ALL THE TIME IN THE WORLD
A serial memoir by Jean Fogelberg
Dan planned every part of our European vacation, from our first day in France, on May 7th, to our last night in Italy, four weeks later. All winter long, he had excitedly shown me articles about the places we would visit and the things we would see. One day I looked up from a photo, into his shining eyes, and a little idea popped into my head, unbidden. I tried to shoo it away, but it persisted.
He’s going to propose in Europe.
From the beginning of our relationship Dan had told me he would never marry again. He’d lost all faith in the “eternal” vows that had twice proven to be so fragile and fleeting. If the M-word did come up (“So, Dan, when are you going to make an honest woman of her?”) I would say I didn’t need a piece of paper to validate our love.
We’d been together for four years and we couldn’t have been happier, despite some stressful events, including Dan’s divorce, and three lawsuits brought by former collaborators that Dan had once considered friends. These consecutive lawsuits triggered old betrayal issues that went all the way back to when his first band, The Clan, sided against him. It was unrealistic to expect him to trust anyone after all he’d just been through, but that little idea persisted.
Paris, it whispered, the city of love.
We boarded the Air France flight and found our seats. I’d flown first class many times by now, on tour with Dan, but this was different: more elegant and roomy. Our in-flight dinner included caviar and champagne, and the food could have come straight from the kitchen of a fine French restaurant. Tired as I was, from two nights in a noisy hotel room, I wanted to stay awake - I intended to experience every second of this trip. The big comfy seats laid back into beds though, and the low hum of the plane lulled me to sleep, where no dream could compete with my waking reality.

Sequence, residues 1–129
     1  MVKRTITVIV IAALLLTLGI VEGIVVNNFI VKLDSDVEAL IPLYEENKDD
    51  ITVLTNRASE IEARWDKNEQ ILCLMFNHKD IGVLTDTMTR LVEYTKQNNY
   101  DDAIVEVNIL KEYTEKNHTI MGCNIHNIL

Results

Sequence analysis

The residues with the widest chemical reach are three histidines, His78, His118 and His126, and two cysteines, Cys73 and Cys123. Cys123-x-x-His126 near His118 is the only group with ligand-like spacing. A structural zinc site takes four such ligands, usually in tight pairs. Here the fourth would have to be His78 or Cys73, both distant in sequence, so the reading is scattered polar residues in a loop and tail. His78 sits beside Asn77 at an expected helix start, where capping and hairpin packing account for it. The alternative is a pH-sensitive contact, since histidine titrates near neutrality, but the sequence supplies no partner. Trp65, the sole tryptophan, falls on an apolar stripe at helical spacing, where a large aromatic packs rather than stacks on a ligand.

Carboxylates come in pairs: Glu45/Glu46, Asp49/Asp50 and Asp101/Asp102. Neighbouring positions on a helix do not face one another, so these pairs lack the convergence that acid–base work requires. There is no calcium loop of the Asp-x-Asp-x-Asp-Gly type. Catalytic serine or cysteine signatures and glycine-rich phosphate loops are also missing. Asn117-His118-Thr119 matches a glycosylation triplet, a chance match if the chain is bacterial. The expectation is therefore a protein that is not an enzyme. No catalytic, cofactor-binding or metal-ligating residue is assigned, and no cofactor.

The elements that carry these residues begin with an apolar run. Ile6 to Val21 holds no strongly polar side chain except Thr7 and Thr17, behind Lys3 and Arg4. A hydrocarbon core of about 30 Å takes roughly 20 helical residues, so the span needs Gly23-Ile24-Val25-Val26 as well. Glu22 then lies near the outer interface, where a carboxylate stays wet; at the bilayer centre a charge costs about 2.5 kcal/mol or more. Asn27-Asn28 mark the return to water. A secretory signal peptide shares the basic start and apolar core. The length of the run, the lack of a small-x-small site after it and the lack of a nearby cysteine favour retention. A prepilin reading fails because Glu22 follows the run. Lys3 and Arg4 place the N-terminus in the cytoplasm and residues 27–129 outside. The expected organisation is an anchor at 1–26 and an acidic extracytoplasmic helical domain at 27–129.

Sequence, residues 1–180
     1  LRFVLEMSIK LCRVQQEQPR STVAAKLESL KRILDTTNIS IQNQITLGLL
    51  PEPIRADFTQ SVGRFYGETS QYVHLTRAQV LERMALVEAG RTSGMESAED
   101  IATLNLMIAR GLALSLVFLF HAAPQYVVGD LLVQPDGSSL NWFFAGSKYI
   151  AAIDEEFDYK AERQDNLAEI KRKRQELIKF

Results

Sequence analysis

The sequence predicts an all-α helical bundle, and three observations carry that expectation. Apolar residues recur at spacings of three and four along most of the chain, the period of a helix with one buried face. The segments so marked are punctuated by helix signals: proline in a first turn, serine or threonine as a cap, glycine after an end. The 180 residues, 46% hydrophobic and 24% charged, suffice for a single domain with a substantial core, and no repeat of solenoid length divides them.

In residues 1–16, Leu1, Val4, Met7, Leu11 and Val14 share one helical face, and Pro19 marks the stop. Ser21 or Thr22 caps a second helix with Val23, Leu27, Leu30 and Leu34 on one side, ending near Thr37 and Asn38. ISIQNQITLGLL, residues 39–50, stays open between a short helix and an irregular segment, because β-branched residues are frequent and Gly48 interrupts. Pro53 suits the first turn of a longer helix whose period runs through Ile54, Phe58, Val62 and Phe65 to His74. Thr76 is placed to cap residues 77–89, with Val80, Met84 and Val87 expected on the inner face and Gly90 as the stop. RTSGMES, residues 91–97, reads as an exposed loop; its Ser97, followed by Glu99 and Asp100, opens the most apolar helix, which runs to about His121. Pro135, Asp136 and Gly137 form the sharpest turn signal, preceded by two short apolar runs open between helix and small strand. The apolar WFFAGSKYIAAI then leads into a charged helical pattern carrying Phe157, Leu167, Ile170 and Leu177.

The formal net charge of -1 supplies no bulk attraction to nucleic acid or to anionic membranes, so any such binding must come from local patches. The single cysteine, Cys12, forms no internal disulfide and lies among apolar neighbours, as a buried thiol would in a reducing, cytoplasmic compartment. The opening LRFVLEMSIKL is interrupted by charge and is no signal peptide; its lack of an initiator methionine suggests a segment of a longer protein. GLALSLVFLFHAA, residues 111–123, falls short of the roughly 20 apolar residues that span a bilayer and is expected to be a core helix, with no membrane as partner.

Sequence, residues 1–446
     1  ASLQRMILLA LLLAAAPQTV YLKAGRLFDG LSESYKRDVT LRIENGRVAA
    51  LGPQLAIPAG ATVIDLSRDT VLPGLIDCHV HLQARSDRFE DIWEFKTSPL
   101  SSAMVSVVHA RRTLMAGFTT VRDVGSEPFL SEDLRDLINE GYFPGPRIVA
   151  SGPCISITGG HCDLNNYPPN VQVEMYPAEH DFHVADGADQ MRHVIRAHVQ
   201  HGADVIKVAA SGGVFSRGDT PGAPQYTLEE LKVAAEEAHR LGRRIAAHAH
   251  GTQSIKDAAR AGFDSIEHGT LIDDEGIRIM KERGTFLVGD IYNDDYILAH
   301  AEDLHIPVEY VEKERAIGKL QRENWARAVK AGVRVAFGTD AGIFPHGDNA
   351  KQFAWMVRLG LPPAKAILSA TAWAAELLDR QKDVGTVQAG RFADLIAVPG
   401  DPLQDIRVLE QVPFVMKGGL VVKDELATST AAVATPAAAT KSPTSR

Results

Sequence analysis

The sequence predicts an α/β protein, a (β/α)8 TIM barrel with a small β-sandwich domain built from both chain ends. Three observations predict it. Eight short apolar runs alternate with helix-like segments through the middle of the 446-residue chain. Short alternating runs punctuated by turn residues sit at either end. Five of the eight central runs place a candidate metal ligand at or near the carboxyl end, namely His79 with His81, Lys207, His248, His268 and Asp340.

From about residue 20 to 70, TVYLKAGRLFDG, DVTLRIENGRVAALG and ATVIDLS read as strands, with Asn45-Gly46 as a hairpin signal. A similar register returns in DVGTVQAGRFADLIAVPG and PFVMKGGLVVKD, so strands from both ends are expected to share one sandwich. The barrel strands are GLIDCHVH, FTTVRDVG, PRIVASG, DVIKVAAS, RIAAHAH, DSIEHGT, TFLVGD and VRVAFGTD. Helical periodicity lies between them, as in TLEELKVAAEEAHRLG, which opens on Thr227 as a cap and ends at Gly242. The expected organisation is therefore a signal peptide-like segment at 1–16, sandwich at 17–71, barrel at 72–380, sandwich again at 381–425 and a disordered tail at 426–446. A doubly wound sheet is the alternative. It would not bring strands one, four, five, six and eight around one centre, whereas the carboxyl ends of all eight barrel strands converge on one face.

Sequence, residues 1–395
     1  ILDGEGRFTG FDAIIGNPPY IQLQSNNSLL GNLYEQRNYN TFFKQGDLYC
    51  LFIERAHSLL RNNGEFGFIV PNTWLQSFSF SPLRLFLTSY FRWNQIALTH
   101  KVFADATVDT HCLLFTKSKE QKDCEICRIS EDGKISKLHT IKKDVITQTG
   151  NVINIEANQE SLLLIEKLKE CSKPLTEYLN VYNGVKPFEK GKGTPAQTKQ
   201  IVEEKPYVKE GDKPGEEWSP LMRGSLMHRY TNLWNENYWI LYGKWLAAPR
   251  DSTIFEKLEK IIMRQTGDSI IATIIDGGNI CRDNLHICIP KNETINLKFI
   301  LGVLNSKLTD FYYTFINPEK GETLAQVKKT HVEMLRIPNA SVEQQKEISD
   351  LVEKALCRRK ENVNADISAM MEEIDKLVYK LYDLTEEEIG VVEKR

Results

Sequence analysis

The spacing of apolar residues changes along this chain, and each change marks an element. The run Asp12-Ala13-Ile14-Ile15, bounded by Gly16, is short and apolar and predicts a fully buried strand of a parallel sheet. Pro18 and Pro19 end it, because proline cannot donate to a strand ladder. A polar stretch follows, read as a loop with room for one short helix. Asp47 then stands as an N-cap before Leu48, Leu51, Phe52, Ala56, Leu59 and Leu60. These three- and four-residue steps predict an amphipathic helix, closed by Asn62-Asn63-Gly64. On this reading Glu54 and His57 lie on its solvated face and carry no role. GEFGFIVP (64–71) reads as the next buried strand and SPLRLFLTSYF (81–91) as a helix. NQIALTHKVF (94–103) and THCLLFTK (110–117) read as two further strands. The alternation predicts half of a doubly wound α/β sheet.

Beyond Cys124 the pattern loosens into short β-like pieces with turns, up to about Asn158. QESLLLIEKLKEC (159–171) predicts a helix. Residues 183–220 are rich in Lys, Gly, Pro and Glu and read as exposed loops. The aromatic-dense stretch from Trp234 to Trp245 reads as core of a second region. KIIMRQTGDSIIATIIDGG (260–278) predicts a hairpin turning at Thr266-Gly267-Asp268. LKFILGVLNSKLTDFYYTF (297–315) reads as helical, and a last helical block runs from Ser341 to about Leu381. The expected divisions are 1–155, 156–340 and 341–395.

A town car met us at the airport and took us to the Four Season’s Georges V hotel, all sparkling chandeliers, towering flower arrangements and polished marble. Once our luggage was delivered to the room we freshened up and went out to do some exploring. From the hotel it was a forty-minute walk to the Louvre Museum and twenty minutes to the Eiffel Tower. I thought it would be cool to have my hair cut in Paris, and there was a salon just down the street.
Patisseries, pashminas, and art; for a carb-loving, scarf-wearing artist, it was heaven. We ate flaky pastries, drank rich dark coffee, and window shopped. I saw a beautiful peach-colored pashmina but almost fainted when I saw the price. Dan bought it for me and I wore that scarf for the rest of the trip, washing my neck before putting it on each day, and taking it off when eating.
That evening, while getting ready to go out, I fell asleep in the tub. Jet lag - another new experience. Dressed in our best, we went downstairs for a late dinner at the hotel’s brand new restaurant, Le Cinq. Dan looked handsome in his grey suit, and I wore a clingy grey dress and my new pashmina. Dan told the sommelier that we’d like to start with champagne, and a trolley with a huge silver bowl was wheeled to our table. The bowl was full of ice, and eight different bottles of fine French bubbly. It was 8:00 - not that late for Europeans, so there must have been many other diners in the fabulous new restaurant, but in my memory I see just the two of us, clinking champagne flutes in the soft golden light and smiling into each other’s eyes.
Dan spoke a little French, but the only phrases I knew were from songs I’d performed, like The Beatles’ “Michelle,” and Labelle’s “Lady Marmalade,” none of which were very helpful when ordering food or asking for directions.